How can we help young people who experience anxiety and drink to cope?

  • Arrow on road pointing to a young person
  • Arrow on road pointing to a young person

What is the link between anxiety and drinking?

Anxiety and alcohol use disorders are among the most common mental health disorders.The transition out of secondary school and into young adulthood is a time of significant change for young people. The opportunities and challenges young people experience at this time include:

  • Starting a new job or study program
  • Establishing new friendships
  • Experiencing new living situations e.g., moving out of home

For some young people, navigating these challenges can be associated with significant anxiety. It is common for anxiety symptoms to first emerge during the adolescent to early adulthood period. Young adulthood is also associated with increased access to and availability of alcohol, with almost one in three young adults consuming alcohol at hazardous levels. Alcohol is widely considered a relaxant and social lubricant, and using alcohol to reduce or cope with anxiety is commonly reported by young people. Research has confirmed the link between anxiety and drinking, finding that young people who experience anxiety symptoms are at increased risk of harmful alcohol use.

The COVID-19 pandemic and associated health, economic, and social consequences have seen a further increase in rates of anxiety and alcohol use. The pandemic brought uncertainty and stress into the lives of many Australians, and many young people reported their anxiety had gotten ‘a lot worse’. Compared to before the pandemic, 70% of people reported drinking alcohol more than usual. This increase was strongly associated with stress and drinking to cope with these feelings.

Over time, using alcohol to cope with anxiety leads to more drinking and makes anxiety symptoms worse. If not addressed, this vicious cycle between anxiety and alcohol can lead to long-term problems (e.g., health, study, work, relationships) for the young person.

The Inroads program: helping young people aged 17-30 years

The Inroads program is an online early intervention that empowers young people to manage anxiety and keep alcohol use within safe limits through the development of cognitive behavioural therapy (CBT) coping strategies. It is the first youth-focused program that targets:

The online format makes it is easy to access the program on a computer, phone, or tablet. A self-assessment is available to help young people review their anxiety symptoms and alcohol use, to determine whether the Inroads program might benefit them.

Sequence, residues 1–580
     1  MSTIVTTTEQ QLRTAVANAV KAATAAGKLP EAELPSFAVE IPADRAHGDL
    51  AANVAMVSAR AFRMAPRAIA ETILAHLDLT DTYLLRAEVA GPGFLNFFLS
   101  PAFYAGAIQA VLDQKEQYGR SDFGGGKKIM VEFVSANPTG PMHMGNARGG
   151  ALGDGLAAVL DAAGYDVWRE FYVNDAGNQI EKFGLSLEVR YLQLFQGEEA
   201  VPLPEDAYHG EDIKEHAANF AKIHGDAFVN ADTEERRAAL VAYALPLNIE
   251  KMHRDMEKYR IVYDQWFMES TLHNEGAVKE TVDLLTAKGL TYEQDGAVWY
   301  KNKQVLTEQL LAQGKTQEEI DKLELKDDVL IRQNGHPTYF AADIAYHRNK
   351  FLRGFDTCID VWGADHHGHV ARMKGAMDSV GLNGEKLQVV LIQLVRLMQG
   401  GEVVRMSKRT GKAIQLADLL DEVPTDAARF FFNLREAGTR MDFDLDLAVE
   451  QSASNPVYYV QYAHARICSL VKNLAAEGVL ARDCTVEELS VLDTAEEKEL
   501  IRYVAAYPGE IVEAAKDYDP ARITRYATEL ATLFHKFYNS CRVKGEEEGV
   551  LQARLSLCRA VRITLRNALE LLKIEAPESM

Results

The 5 Inroads modules

Are we making Inroads?

A recent study evaluated the effectiveness of the Inroads program among young Australians. A total of 123 participants were randomly assigned to two groups. One group received the Inroads program combined with psychologist phone/email support. The second group received an online information booklet about alcohol and safe drinking recommendations.

The study found that the Inroads program had significant benefits compared with providing alcohol information. For up to 6 months after receiving the Inroads program, young people reported:

  • Reduced hazardous alcohol use
  • Reduced binge-drinking
  • Reduced general anxiety symptoms
  • Reduced social anxiety symptoms

Inroads has great potential to help young people cope with anxiety symptoms and keep their alcohol use under control. The online format is especially appealing to young people. A recent survey found that young people feel empowered, confident, in control, and less concerned about privacy when accessing help via the internet.

Read more about the research and evidence behind the Inroads program here

How to get involved

Now more than ever, young people require immediate and accessible support to help them develop coping skills to manage anxiety and keep alcohol use within safe limits. To meet this need, the Inroads program was adapted to assist young people to manage the increased uncertainty, stress, and alcohol use that young people are reporting as a result of the COVID-19 pandemic.

Positive Choices is currently supporting a free trial of the updated program. The trial is open to young people who are:

  • Aged 17-30 years
  • Live in Australia
  • Experience anxiety
  • Report hazardous levels of alcohol use

What are the signs to look out for?

Signs of anxiety may include:

  • Fear of embarrassment, looking stupid, or being the centre of attention
  • Feeling persistently anxious, stressed, tense or on edge
  • Worrying a lot or feeling unable to stop or control worrying
  • Feeling overwhelmed by physical sensations such as racing heart, dizziness or shortness of breath

Young people may benefit from the Inroads program if they:

  • Drink to overcome shyness or to be more confident
  • Drink because they are stressed
  • Worry a lot and drink alcohol to cope
  • Have regrets or experience problems because of their drinking

If you or someone you know needs urgent help, find out more about support and crisis services here. A few organisations are listed below if you need immediate assistance:

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